Because ledgers have become necessary in modern commerce, and because no one is advocating a return to the society in which all commerce is conducted exclusively by in-person exchanges of money, when analyzing monetary systems, we must not only look at the units on our ledgers but also at the ledgers themselves. Bitcoin’s properties as a ledger make it a far superior monetary system to anything out there.
If we were to think of the properties that make up an ideal ledger, they would be: reliable, unassailable, verifiable, global, accessible, trustworthy, and able to provide quick final settlement. While the strong monetary properties of gold versus bitcoin were relatively close when considering the units behind the ledger, when comparing the ledgers themselves, bitcoin is far superior.
From a monetary unit perspective, Bitcoiners and gold bugs agree that a gold-based system could encourage monetary responsibility and limit inflation. However, goldbugs did not provide any widespread suggestions for improving the US dollar ledger system. This current system is flawed in that it is unverifiable for individuals, inaccessible for individuals to interact with directly, and slow to process final settlement. How would a gold-based ledger be better?
Moreover, the gold bugs provided no meaningful suggestions on how to avoid debasement issues, which have been a constant for centuries.
We have already experimented with a gold-based ledger for the past 800 years. THE Medici family popularized ledger-based gold-backed banking in Italy and throughout Europe as early as the 12th and 13th centuries. The Europeans, in fact, used ledgers to “transfer” their gold over great distances. People and governments have continued to use the gold-backed overlapping ledger system for centuries and each of these countries seen a corruption of the general ledger, the bankruptcy of their currency or the debasement of gold. So what mechanisms do gold bugs suggest to prevent corruption and debasement of a gold-based ledger in the future? I haven’t heard any.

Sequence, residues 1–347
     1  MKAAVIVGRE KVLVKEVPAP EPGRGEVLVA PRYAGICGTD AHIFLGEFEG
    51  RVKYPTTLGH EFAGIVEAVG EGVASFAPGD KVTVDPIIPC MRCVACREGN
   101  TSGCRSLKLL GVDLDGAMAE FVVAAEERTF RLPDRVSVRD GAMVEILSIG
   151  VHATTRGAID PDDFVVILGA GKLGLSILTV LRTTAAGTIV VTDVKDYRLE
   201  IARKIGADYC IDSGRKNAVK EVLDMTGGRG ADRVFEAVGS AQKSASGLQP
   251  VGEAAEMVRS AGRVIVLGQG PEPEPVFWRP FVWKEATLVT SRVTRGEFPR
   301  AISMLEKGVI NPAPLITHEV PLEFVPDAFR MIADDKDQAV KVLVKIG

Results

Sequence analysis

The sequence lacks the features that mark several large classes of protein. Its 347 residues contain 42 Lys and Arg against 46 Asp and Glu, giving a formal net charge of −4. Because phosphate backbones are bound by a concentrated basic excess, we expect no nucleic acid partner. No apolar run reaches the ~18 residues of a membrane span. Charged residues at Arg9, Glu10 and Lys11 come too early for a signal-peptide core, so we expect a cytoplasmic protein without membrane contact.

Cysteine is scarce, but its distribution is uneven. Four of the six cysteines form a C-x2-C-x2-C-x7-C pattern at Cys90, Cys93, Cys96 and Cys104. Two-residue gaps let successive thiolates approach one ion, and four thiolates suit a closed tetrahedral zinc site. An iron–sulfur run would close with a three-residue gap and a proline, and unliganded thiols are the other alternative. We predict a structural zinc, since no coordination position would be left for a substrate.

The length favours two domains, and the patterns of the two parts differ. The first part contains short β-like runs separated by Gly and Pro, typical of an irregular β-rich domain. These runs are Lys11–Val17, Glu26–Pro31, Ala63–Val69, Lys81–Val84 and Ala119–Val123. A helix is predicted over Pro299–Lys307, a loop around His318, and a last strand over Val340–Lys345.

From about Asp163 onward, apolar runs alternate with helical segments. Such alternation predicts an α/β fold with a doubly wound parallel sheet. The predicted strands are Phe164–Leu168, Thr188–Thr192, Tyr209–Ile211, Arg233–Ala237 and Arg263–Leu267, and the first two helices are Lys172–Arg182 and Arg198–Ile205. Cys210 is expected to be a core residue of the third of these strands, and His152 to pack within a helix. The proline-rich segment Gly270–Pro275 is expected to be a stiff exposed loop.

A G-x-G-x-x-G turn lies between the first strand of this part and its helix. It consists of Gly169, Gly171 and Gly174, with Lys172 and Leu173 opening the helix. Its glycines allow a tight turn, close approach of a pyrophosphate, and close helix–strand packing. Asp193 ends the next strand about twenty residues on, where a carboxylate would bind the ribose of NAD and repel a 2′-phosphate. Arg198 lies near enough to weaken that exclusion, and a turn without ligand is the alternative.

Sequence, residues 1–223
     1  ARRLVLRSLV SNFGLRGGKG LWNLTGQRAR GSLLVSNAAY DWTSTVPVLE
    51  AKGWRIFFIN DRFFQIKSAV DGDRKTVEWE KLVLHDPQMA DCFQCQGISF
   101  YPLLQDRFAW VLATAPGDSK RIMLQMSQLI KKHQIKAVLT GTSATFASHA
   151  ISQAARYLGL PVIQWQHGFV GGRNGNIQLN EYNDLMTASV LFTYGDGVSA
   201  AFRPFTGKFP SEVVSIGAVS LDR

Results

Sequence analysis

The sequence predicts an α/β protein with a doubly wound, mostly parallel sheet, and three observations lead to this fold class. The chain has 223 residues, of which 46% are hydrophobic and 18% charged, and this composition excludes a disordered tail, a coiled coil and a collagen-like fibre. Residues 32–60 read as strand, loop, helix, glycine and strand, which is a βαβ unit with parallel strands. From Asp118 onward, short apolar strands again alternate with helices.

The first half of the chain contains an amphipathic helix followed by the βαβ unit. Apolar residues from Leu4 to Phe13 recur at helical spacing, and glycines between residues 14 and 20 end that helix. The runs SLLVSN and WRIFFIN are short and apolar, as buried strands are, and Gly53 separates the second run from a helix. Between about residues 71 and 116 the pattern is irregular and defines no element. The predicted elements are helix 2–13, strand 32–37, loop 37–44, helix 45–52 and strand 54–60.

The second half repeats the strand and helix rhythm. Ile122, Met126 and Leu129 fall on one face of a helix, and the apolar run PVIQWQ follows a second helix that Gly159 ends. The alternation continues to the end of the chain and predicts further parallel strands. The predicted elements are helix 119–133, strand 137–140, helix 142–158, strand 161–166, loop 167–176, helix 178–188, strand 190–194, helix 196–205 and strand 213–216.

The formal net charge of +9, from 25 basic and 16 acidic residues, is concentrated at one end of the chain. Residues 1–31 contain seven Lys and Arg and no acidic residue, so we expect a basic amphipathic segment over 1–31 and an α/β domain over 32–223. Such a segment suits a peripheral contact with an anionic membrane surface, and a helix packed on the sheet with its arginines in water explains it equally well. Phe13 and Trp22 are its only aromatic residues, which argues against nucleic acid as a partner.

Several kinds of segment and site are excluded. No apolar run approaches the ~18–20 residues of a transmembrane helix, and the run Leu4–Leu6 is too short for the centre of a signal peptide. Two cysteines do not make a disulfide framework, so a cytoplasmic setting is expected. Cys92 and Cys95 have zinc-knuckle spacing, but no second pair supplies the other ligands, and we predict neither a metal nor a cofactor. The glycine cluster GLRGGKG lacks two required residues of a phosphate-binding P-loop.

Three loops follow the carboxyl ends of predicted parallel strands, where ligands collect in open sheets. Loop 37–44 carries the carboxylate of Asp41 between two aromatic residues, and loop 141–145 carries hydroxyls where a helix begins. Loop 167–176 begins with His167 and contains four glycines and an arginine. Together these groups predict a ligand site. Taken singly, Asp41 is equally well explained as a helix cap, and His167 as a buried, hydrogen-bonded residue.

Bitcoin is beautiful in that it provides an elegant solution to both unit and ledger. The unit has all the characteristics of a sound currency and the ledger is reliable, unassailable, verifiable, global, accessible, allows quick final settlement and is trustworthy. One person can personally interact with the ledger and provide verified final settlement across the globe in minutes on a ledger that does not require a trusted middleman.
I have great respect for golden bugs and even own a modest amount of gold myself. With that in mind, I ask Peterson, Sebag, Schiff, and the other gold bugs, when comparing monetary systems, to analyze both the unit and the ledger, and then come to their own conclusions.
This is a guest post by Luke Groom. The opinions expressed are entirely their own and do not necessarily reflect those of BTC Inc or Bitcoin Magazine.